A 77-year-old woman was referred to a local hospital for investigation of sudden and striking blood pressure elevations. She had 17-year history of hypertension well controlled with several antihypertensive agents, but she became to have recent symptom of paroxysmal hypertension. On first visit, a screening abdominal computed tomography (CT) with 1-mm thin slices revealed a 17 x 9 mm sized homogeneous mass with soft tissue density (approximately 30-40 Hounsfield units) in right adrenal gland (Figure 1). Biochemical tests revealed that plasma norepinephrine concentration was slightly elevated (824 pg/ml), however, the levels were not within the threshold range suggested for the diagnosis of pheochromocytoma (Table 1) [7]. Plasma renin activity, plasma aldosterone concentration and adrenocorticotrophic hormone were all in normal range (Table 1). Additionally, plasma cortisol was under 1.00 μg/dL after low dose (1 mg) dexamethasone overnight suppression test. Six months later, a follow-up anatomic test coupled with biochemical measurements (plasma catecholamines and urine fractionated metanephrines) were performed. An abdominal CT demonstrated that the tumor size was no change. Biochemical tests showed that plasma norepinephrine concentration (976 pg/ml) and urinary normetanephrine excretion (713 μg/gCre) were modestly high (Table 1). Although the elevation of biochemical markers for pheochromocytoma was slight, the patient still had the symptom of paroxysmal hypertension, a functional imaging was performed. The 123I-metaiodobenzylguanidine (123I-MIBG) planar image showed abnormal uptake in the right adrenal gland indicating that the tumor was a potential pheocormosytoma. Then, she was admitted to our hospital for further evaluation for possible pheocormosytoma. During testing at hospitalization, she had the paroxysmal hypertension. Plasma catecholamine levels were within normal limits, whereas 24-hour urinary excretion rates of norepinephrine, VMA and normetanephrine were higher than upper limits of normal rang, especially the urinary norepinephrine excretion elevated to more than three times the normal value (Table 1). On the basis of the symptom, the positive 123I-MIBG scintigraphy and the significant elevation of biochemical markers, the patient was subjected to laparoscopic right adrenalectomy. Postoperative pathologic findings confirmed pheochromocytoma (Figure 2). Histologically, well demarcated area was detected within the adrenal medulla. The region was composed of adrenal medullar cells with clear/eosinophilic cytoplasm arranged in zellballen pattern (Figure 2 A and B). Immunohistochemically, the tumor cells stained positive for Chromogranin A (Figure 2C). The tumor cells exhibited a low Ki-67 index (Figure 2D). Postoperatively, her plasma cathecolamine levels were all in normal range. She remained free from symptom of paroxysmal hypertension even though she still needed antihypertensive agents to control her hypertension.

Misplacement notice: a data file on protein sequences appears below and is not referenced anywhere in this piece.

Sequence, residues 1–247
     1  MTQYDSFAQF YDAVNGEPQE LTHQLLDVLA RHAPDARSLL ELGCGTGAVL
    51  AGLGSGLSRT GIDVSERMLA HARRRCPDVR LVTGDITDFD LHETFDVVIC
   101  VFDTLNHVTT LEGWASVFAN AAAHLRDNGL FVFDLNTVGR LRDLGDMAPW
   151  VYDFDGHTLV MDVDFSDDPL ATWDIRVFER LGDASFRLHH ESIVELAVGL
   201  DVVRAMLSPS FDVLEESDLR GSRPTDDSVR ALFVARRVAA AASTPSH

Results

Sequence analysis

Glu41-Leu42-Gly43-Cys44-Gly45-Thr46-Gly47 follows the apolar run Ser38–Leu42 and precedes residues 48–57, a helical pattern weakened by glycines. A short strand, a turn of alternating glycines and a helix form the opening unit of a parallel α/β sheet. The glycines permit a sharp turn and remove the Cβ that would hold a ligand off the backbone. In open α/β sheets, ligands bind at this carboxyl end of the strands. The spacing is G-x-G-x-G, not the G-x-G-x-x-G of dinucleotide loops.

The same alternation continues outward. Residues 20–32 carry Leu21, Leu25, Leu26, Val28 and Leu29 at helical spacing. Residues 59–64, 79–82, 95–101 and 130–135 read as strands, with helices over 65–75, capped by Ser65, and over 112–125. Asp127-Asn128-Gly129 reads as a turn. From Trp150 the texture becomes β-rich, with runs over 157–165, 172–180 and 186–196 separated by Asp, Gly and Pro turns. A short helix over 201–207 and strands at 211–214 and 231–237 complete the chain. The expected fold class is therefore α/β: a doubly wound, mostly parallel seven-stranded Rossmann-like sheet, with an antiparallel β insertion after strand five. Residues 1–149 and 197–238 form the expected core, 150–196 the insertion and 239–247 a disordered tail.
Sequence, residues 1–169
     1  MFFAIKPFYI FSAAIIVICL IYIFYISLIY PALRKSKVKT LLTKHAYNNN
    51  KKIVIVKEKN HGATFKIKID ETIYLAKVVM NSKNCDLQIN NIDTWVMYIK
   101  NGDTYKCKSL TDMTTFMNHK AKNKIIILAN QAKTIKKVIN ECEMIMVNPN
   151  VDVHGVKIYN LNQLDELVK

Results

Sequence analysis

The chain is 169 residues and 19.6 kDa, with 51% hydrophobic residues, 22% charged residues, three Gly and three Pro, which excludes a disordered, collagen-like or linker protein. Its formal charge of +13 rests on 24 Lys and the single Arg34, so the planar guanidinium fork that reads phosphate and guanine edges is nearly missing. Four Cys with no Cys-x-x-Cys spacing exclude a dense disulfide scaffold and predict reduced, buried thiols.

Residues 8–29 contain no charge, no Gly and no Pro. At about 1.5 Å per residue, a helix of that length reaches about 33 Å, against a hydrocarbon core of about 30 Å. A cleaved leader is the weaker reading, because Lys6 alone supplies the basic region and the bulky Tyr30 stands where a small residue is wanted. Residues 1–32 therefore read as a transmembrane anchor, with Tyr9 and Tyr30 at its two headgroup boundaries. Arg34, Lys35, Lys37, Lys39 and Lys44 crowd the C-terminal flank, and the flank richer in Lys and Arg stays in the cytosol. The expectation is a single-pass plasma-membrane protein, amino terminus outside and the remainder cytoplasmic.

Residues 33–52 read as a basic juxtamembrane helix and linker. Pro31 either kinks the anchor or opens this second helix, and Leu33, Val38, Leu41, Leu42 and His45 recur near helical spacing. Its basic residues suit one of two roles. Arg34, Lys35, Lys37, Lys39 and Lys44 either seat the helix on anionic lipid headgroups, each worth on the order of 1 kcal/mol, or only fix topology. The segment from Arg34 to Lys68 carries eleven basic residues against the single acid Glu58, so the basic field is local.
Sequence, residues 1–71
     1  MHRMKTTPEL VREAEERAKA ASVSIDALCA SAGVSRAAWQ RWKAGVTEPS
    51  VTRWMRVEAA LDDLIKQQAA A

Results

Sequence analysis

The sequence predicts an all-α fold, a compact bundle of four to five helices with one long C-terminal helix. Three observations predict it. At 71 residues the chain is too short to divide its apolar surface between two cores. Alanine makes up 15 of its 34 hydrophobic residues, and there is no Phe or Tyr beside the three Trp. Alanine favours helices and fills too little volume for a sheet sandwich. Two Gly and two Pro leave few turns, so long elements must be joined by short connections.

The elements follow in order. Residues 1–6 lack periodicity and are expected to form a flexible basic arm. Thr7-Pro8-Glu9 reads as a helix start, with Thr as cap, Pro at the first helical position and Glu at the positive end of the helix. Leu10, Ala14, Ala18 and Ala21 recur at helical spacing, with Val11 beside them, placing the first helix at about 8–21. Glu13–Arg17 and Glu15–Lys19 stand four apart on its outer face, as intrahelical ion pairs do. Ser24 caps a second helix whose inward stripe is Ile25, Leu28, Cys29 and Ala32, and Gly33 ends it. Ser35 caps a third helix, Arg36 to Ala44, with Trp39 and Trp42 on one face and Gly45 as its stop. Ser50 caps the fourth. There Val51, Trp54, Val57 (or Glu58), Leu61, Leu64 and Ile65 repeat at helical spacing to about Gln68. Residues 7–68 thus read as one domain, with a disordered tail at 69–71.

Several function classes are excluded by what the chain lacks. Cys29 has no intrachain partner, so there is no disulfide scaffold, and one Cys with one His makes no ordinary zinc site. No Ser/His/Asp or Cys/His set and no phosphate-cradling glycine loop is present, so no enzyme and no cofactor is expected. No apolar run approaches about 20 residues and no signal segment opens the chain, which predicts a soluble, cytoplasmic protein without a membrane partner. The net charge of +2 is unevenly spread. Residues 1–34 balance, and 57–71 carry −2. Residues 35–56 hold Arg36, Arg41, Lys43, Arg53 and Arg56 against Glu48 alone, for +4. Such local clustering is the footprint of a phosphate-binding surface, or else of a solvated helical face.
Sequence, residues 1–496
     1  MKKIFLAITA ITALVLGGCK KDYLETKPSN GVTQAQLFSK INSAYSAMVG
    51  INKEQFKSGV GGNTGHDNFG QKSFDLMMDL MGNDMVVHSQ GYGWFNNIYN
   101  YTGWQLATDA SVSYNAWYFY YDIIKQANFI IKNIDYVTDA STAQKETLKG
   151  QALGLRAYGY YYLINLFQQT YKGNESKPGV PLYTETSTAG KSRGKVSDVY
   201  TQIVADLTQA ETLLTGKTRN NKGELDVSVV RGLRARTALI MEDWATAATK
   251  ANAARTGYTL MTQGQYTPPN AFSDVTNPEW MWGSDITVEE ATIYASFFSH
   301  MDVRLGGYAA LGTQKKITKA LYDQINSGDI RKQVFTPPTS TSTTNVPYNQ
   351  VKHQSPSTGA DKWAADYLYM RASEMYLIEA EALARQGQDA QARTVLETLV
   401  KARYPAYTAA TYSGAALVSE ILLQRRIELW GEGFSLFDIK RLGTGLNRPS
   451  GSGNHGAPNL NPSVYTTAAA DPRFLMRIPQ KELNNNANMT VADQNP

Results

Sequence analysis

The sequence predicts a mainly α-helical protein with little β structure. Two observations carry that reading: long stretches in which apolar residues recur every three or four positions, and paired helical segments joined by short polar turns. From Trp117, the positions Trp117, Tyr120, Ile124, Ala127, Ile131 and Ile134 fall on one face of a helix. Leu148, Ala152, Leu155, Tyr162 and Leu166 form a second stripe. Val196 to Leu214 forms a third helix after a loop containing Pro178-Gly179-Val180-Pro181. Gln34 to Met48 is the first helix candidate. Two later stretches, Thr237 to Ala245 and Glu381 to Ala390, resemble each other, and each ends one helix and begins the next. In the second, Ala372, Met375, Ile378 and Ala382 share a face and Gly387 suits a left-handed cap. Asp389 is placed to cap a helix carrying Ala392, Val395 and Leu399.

Figure 1

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Figure 1
The patient’s standing foot posture (fpi: l=+6; r=+7).